When it’s time to rebuild a research installation in one of the world’s most punishing climates, where do you turn? To the Mile High City, of course.

This week, the international architecture firm Stantec’s Denver office announced that it has been selected as lead designer on a project that will significantly redesign McMurdo Station, the main operating center for US research in and around Antarctica. It is up to Stantec project manager Merlin Maley and his team to create schematic drawings of two critical new buildings planned for McMurdo – a 285-bed building and a “core” operating center – and to work with clients over the next eight years Bring these and other structures up and running on the ice-filled southern continent.

The effort is part of the National Science Foundation’s AIMS project. AIMS – or Modernizing Antarctic Infrastructure for Science – is focused on updating McMurdo to ensure it can serve US research on Antarctica for decades to come.

“The great thing about the AIMS project is that we are streamlining operating costs at McMurdo Station so that we can really focus more on science,” said Maley. “The aim of the project is to really consolidate the number of buildings on site and get scientists on the ice and into base camps for their exploration and research by spending less time in McMurdo gathering supplies.”

According to Maley, who visited McMurdo late last year, there are now more than 90 main buildings at the station, a layout that lends itself to energy, water and human inefficiency. The structures were added piece by piece as the mission at McMurdo grew and evolved. The station was established as a naval base in 1955 before finally being converted into a center for scientific operations in 1968.

When the new lodging and core buildings are completed, dormitories, offices, communal kitchens and dining rooms, emergency operations, field support and back-of-house commercial services such as carpentry and metalworking will be housed in just two large buildings.

The Denver Stantec office, formerly RNL Design, was won over by the AIMS project subcontractor, Parsons, as a design partner for the structures. It is up to Parsons to erect the building on the bare volcanic rock on which the McMurdo Station is located. But Maley has a lot to worry about before starting work. For one thing, concrete cannot be poured wet in Antarctica, so everything – including the foundation pieces for the two buildings – must be pre-cast and shipped from Port Hueneme, California. The first boat for the accommodation building is scheduled to leave early next year.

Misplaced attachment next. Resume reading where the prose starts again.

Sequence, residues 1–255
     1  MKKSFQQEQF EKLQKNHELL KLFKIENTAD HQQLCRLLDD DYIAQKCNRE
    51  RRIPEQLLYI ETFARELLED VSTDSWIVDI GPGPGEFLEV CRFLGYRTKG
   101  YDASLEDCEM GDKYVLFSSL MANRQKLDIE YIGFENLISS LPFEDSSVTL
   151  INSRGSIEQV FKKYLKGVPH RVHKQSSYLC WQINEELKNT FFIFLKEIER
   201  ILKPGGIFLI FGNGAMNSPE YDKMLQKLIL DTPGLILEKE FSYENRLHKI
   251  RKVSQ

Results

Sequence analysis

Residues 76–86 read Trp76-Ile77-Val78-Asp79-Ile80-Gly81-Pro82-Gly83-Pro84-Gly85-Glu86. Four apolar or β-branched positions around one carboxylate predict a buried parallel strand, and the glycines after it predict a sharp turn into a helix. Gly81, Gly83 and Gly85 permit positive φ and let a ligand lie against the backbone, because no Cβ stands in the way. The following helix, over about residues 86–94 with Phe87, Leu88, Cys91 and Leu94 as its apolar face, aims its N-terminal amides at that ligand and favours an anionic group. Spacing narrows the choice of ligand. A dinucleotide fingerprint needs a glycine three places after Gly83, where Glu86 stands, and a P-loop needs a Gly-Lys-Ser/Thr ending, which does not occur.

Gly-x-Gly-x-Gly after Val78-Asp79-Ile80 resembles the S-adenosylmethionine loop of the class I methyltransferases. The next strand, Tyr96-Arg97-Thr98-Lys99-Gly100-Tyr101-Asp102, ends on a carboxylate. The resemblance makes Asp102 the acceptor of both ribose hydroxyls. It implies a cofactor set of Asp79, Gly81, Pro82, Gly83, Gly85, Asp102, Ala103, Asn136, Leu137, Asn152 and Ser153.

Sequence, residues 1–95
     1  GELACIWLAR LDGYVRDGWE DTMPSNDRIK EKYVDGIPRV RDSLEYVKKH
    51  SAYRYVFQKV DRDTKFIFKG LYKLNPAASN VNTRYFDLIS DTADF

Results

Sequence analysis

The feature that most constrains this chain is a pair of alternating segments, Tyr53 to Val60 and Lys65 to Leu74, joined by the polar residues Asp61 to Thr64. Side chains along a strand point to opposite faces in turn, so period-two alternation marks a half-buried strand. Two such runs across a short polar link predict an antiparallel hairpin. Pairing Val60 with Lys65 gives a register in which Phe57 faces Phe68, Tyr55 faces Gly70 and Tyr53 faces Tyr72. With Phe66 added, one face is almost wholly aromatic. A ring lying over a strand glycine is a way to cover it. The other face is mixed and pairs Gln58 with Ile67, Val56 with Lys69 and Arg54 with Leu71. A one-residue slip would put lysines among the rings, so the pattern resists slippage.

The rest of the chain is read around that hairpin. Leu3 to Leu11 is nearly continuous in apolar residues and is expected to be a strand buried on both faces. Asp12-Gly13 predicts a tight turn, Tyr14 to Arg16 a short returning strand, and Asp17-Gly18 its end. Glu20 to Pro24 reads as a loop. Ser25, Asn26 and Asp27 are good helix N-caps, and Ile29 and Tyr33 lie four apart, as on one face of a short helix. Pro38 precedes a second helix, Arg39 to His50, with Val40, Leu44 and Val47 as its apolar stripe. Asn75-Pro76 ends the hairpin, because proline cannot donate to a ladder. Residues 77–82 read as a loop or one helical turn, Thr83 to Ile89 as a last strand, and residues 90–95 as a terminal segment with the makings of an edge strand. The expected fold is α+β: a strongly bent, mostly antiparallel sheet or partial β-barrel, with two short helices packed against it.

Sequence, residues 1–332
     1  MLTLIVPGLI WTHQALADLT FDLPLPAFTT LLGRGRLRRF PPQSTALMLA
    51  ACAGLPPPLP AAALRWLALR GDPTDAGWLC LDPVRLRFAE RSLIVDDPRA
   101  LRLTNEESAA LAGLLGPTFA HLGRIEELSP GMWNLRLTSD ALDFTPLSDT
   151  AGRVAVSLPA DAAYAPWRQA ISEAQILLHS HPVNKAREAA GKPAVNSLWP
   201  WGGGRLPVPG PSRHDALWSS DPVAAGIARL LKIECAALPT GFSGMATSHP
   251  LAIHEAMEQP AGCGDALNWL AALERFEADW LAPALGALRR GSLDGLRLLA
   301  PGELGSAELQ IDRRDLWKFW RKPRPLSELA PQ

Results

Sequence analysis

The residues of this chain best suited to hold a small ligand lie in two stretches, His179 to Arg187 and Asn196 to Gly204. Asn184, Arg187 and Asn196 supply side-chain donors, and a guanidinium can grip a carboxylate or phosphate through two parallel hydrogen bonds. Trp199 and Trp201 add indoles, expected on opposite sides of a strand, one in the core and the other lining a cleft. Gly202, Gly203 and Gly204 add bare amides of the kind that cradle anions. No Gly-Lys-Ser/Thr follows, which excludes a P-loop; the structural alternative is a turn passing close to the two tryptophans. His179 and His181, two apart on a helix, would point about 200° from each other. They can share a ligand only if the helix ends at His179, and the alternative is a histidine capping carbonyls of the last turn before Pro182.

“It’s interesting to be working on a project that is always about building the boat,” said Maley. “If we miss the boat, they won’t be able to build anything down there for the next summer construction season.”

Maley and the Stantec Denver office have experience designing structures for mountain communities in cold weather in Colorado, Wyoming and elsewhere, and have a background in maintenance and infrastructure facilities such as the RTD light rail maintenance facility in Englewood.

It’s not the only Denver-based company with fingerprints on the McMurdo Station project. OZ Architecture created the master plan that guides the redevelopment efforts.

For Maley, working on a project that will have to withstand the widest, coldest and driest climate on earth on the most remote continent is not only cool, it also contributes to a higher mission.

The importance of research in Antarctica, particularly with regard to climate change, is “beyond what I can understand,” he said.